Intel chief executive Paul Otellini caused an early stir at the chipmaker's Developer Forum on Tuesday when he briefly showed off a silicon wafer containing chips capable of a trillion floating point operations per second.
The wafer was on show for less than a minute. It contained 80 teraflop chips, which each contained 80 processing cores, alongside some super-fast SRAM. Although it won't be commercially available for another five years, according to Otellini, it represents a massive leap forward on today's technology.
Intel's chief technology officer Justin Rattner gave more details in a later keynote: each 80-core chip measures 22 by 13.75mm, runs at 3.1GHz and has an efficiency of 10 gigaflops per watt. "That's an order of magnitude better than anything today", he said. Each core in the processor is physically stacked on top of 256MB of static RAM, giving a very high level of electronic connectivity and a memory bandiwidth of a terabyte per second.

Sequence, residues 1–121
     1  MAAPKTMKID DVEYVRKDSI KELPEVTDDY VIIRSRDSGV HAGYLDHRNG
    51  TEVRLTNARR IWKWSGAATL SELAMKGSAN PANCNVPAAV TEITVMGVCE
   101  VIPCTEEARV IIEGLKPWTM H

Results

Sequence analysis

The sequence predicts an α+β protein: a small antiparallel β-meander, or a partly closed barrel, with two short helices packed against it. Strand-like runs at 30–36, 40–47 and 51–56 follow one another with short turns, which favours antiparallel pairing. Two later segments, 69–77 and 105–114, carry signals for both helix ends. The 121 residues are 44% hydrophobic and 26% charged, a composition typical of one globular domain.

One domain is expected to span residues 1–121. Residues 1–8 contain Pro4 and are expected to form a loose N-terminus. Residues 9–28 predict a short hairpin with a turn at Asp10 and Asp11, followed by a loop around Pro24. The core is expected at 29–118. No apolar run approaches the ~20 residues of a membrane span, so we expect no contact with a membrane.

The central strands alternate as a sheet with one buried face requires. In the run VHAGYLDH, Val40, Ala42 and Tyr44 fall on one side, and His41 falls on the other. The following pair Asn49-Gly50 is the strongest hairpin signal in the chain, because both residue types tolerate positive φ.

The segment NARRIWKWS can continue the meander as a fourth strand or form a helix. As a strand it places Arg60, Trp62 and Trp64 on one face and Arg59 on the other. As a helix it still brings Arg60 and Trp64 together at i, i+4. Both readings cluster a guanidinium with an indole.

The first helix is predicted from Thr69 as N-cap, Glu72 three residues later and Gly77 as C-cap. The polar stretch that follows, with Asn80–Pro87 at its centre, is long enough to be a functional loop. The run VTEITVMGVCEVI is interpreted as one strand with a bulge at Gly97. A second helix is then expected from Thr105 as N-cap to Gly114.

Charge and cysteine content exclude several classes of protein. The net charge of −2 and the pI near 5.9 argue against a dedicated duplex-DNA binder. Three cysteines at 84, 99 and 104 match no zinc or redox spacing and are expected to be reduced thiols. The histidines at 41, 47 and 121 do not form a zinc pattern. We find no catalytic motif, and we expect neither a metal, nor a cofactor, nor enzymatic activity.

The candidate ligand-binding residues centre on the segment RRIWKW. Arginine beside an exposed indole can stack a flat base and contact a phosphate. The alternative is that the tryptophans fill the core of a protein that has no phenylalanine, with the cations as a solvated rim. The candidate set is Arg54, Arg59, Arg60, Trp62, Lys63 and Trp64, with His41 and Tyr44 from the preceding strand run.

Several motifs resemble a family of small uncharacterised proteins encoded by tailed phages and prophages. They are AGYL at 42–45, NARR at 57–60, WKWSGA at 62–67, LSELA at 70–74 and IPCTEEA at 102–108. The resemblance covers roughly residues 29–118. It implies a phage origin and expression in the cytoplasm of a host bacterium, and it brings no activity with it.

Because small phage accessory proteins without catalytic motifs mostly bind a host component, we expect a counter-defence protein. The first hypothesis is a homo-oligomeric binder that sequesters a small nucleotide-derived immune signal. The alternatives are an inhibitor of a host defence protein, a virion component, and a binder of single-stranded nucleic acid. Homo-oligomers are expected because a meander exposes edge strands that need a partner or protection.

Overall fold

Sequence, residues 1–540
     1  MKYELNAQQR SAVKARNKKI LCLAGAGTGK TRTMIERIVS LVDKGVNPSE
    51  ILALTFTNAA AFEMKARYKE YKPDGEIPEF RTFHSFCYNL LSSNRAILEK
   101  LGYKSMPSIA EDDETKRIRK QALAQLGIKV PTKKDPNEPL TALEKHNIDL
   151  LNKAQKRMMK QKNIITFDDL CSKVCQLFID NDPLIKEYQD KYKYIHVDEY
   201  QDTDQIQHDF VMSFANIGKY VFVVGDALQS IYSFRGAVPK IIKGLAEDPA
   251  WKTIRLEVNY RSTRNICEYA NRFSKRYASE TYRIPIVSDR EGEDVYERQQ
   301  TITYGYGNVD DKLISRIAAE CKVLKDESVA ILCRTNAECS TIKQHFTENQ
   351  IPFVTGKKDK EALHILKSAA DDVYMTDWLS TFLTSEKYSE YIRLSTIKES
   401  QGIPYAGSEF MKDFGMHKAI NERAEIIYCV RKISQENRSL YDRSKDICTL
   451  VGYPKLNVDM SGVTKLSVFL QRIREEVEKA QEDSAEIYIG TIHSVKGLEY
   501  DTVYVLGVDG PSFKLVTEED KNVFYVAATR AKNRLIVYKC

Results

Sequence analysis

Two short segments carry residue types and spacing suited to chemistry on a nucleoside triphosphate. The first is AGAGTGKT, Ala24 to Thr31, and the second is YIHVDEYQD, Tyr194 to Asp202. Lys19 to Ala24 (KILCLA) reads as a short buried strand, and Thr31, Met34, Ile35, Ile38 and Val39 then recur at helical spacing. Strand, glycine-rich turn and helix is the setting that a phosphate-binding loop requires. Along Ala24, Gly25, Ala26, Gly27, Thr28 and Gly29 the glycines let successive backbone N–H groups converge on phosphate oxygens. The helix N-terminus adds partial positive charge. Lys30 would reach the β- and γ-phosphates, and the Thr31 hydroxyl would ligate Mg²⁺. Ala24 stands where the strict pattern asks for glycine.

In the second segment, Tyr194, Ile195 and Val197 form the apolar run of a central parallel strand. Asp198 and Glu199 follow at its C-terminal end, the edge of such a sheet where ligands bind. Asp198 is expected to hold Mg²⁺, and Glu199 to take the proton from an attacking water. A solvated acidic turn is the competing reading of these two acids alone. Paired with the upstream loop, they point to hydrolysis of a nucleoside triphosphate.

Ten years ago, the first teraflop computer was built. Called ASCI Red, it contained nearly 10,000 Pentium Pro chips over 1,600 square feet in 85 cabinets and cost around $50m.
Today, Intel is shipping dual-core chips, and hopes to deliver quad-core chips in November. Other manufacturers are further down the multi-core road. The Cell processor, developed by IBM, Sony and Toshiba, contains eight processing cores.
Paul Otellini holds up a magnified image of the
wafer containing 80 teraflop chips
Each core has areas devoted to floating point calculation and communication with the other cores